Email Grammar Tips: Use vs. Utilize

Nicholas Graziade

Nails on chalkboard.

A drummer who plays without rhythm.

Tests from the Emergency Broadcast System.

Let’s face it – there are some things that hit your ears and make you cringe.

And, when you’ve spent much of your life editing and proofreading, you’ll inevitably discover that there are some words people say that make the sounds above sound like Mozart or Bach.

Today, I’d like to discuss the one word in the English language that I find unequivocally cringe-worthy: “utilize.”

Utilize =/= Use

I’ll put it bluntly so that it is crystal clear: “utilize” does not mean “use.”

While common parlance suggests that these two verbs are indeed interchangeable, they are far more nuanced. Let’s take a look at their inner workings.

When can I say “use?”

“Use” is an extremely versatile verb that generally means “to employ or consume for some purpose.”

For example, you could easily say “I used three cans of paint to complete the dining room.” In this instance, “use is a transitive verb; it takes an object (the three cans of paint – the thing the verb acted on).

However, “use” can also be a noun (e.g. “the paintbrush has one use”). Additionally, it appears in several common idioms (e.g. “I can make excellent use of the extra can of blue paint”).

The verb form came to English from old French, somewhere around the 13th century. Not surprisingly, the modern French verb “utiliser” simply means “to use.”

So, when can I say “utilize?”

While “utilize” is also a transitive verb, it has a specific meaning: “to use for a practical, meaningful, or otherwise beneficial purpose.”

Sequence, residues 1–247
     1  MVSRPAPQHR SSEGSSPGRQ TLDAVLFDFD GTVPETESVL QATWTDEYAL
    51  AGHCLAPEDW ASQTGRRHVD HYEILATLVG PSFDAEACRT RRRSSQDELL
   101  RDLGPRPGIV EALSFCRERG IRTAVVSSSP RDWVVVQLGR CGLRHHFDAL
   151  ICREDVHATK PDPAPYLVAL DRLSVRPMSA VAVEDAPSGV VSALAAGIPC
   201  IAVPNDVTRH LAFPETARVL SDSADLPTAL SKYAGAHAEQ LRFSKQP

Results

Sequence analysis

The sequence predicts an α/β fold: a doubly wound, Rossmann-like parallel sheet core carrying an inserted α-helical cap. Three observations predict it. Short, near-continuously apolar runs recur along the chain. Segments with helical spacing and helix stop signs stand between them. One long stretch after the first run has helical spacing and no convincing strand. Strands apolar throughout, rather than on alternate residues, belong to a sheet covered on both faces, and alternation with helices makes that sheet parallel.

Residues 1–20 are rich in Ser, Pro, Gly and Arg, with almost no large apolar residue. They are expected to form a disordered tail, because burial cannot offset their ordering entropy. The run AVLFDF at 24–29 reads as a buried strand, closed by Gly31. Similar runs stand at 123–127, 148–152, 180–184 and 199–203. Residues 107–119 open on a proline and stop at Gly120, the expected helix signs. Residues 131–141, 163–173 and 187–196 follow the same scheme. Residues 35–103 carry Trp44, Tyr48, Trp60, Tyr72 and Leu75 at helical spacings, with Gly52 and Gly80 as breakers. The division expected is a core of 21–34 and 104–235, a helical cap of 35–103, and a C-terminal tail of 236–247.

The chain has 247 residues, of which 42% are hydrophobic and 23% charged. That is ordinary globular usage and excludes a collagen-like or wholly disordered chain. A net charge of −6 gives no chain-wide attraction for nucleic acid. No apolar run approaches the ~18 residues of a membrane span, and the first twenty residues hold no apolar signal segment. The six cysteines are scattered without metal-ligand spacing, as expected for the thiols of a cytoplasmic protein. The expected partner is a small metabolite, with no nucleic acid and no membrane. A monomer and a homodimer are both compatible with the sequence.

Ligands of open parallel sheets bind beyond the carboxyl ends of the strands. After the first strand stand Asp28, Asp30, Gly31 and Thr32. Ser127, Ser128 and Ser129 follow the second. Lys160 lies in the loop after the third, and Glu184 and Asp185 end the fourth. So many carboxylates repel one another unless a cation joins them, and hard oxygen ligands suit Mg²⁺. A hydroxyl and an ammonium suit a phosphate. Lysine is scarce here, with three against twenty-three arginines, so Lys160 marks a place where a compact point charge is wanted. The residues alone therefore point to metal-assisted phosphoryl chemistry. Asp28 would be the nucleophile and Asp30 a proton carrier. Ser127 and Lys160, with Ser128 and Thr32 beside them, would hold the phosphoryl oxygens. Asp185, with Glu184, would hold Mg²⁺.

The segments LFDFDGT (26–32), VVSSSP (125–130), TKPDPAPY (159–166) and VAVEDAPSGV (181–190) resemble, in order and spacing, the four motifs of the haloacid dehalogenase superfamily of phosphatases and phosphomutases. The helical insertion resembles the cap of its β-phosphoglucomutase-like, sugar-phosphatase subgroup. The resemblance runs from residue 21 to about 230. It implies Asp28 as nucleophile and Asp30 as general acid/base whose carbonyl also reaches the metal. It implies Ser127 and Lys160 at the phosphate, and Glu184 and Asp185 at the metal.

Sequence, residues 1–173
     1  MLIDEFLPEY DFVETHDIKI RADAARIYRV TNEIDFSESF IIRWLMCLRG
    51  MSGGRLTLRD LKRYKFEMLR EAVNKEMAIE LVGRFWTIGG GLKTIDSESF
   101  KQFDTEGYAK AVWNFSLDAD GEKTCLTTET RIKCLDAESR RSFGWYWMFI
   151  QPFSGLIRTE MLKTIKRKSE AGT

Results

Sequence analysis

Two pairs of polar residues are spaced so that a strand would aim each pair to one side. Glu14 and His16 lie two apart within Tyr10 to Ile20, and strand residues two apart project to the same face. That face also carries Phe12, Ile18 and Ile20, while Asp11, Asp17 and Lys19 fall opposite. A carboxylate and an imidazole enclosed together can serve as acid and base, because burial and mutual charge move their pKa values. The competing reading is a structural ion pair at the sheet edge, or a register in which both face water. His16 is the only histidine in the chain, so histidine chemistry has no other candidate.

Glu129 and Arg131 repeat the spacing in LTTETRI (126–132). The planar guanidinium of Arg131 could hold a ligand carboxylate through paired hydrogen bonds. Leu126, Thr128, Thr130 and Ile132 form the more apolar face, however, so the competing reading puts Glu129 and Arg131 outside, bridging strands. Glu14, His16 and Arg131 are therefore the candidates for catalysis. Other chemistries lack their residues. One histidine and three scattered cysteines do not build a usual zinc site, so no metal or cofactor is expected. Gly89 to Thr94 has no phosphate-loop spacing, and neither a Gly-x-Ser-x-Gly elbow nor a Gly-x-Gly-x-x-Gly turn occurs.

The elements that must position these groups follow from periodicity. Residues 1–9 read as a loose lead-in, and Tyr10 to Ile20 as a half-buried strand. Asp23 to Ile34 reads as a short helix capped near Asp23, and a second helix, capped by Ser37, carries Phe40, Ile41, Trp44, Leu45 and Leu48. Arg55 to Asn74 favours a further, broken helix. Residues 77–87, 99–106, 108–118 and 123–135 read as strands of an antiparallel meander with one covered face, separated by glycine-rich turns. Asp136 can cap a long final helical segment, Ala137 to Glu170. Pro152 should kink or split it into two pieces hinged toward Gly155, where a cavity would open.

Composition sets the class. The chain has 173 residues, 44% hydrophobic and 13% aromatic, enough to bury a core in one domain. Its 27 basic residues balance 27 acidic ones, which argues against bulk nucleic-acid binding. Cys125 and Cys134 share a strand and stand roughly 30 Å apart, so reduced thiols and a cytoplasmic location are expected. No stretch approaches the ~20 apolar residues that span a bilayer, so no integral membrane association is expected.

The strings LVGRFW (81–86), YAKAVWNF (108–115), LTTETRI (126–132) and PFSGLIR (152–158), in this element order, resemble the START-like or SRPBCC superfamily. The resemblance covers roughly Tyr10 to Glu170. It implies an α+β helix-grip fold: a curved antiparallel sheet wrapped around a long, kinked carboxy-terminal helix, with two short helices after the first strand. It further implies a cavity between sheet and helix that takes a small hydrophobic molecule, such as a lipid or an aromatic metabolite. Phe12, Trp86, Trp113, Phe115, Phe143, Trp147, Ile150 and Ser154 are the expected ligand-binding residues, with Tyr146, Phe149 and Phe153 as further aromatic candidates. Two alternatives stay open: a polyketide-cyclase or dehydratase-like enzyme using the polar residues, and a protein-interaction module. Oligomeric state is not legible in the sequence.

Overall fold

And, while this may make it seem like a wonderfully versatile verb as well, there are really only two commonly-accepted uses:

  • Chemical Reactions: Scientific papers often contain research about how certain elements affect other processes. “The chemical inhibitor prevented the protein from properly utilizing the additional phosphorus.”
  • Management: The utilization metric frequently measures how well an organization’s strategic initiatives succeeded. “We saw a 75% increase in feature utilization by shifting resources to product adoption in Q1.”

So next time you’re contemplating whether it’s use vs. utilize, remember these tips. Your readers will thank you!

Looking for more tips on writing great marketing copy? Check out some of my posts on the best way to use verbs, who vs. whomand 5 word choices that sabotage your marketing copy.

About the Author
Nicholas Graziade

As the Documentation Architect at Informz, Nick is a technical writer, copyeditor, and grammar guru all rolled into one! When not keeping tabs on the Informz KnowledgeBase, he enjoys writing poetry, mastering the bass guitar, and reading works by famous philosophers.